Money-Saving Tips To Help You Buy Your First Home

Money-Saving Tips To Help You Buy Your First Home

17 September 2018
 Categories: Real Estate, Blog

Buying a home, especially your first one, is a fun time of new beginnings and exciting decisions. Although buying a home can be a fun process, it can require you to restructure your budget to buy a home to fit your needs while fitting within your budget. Here are some tips to help you successfully buy your first home without it draining your bank account.

Hire an Inspection

Hiring a professional inspection during the buying process is just as important as hiring a property appraisal for the lending process; you don't want to forego it. An inspection of a property you are under contract to buy allows you to have a professional thoroughly inspect the property for any existing or potential problems that you as an average home buyer may miss. This process helps you find out, for example, if the electrical wiring in the home's basement or attic was done improperly and can result in your electrical wiring shorting out and potentially causing a fire if it is not replaced.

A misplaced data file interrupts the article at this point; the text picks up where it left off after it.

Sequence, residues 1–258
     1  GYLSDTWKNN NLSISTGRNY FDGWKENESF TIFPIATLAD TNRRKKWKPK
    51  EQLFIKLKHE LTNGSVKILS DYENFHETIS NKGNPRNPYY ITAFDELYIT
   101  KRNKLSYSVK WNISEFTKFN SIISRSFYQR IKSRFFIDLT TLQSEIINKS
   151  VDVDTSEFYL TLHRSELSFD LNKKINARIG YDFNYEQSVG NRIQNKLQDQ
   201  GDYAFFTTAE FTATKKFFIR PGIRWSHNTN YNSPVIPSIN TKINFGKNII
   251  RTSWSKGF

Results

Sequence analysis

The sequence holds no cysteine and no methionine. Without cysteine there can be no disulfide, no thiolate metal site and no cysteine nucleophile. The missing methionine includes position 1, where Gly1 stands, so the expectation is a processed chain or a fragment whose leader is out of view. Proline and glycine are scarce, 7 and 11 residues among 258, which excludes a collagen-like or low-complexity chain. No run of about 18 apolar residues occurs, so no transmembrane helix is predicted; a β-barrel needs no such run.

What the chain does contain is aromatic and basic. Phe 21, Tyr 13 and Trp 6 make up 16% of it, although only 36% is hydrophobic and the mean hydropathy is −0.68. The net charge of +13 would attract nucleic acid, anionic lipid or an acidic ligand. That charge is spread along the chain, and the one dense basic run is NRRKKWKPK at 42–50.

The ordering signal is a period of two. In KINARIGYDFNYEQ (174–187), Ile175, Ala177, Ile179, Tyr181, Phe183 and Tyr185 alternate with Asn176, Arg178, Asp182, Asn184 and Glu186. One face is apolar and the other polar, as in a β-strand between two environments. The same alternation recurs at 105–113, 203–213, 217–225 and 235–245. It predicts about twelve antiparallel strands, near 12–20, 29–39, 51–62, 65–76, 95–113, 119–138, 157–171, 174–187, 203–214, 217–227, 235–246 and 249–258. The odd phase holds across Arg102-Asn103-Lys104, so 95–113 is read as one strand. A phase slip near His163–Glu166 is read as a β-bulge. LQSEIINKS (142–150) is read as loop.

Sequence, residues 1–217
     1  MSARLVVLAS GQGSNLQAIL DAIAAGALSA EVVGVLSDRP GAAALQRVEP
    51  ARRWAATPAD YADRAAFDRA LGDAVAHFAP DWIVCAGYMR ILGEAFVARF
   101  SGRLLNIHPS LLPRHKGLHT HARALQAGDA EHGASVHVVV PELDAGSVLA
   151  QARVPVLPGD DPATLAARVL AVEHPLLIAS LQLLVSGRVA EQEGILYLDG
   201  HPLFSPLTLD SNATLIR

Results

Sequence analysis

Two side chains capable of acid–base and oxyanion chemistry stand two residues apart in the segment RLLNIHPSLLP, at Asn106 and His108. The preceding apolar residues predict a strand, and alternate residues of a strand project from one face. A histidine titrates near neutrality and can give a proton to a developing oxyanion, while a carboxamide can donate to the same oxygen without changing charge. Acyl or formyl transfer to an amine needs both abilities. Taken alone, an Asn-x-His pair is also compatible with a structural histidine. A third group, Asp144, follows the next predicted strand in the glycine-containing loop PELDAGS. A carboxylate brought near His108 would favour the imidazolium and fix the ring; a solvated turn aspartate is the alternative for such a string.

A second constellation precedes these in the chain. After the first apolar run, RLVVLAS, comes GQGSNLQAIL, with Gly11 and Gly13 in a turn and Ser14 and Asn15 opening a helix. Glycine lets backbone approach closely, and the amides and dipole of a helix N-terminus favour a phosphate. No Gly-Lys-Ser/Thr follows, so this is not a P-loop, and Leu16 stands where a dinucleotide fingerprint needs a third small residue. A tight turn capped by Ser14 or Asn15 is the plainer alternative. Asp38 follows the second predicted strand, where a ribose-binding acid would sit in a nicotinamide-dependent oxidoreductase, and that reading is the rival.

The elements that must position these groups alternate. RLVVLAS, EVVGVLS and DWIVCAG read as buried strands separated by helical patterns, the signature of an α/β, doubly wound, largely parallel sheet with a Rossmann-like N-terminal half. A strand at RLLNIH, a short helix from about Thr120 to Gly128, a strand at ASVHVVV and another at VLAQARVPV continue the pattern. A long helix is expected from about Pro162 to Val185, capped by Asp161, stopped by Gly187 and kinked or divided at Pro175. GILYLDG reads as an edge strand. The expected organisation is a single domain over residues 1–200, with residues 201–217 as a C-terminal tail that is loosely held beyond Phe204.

A professional inspector will go through the home you plan to purchase and check all systems and components, such as the HVAC, furnace, air conditioner, and plumbing to make sure they are working properly. And although you may not be able to be present at the inspection, your professional inspector will photograph and document any issues found and report them back to you within a short time.

With this newfound information about your potential home-to-buy, you can present any issues and request repair, replacement, or a price renegotiation with the home seller. For example, if you find out the wiring is bad, you can get a bid to rewire the home and request the homeowner reduce the price of the home by that amount. Talk to your real estate agent about reducing the price.

Buy a Physically Distressed Home

Another financially smart way to buy a home is to buy a home that needs a number of repairs, updates, and work on it. This allows you to buy a home at a discounted price that you can live in while you do the work to improve it.

Buying a physically distressed home allows you to do any amount of the work yourself and save money on the labor. For example, if you can do drywall work and painting or if you are fortunate enough to have experience doing plumbing work or can replace the home's roof, these can save you a considerable amount of money doing them yourself.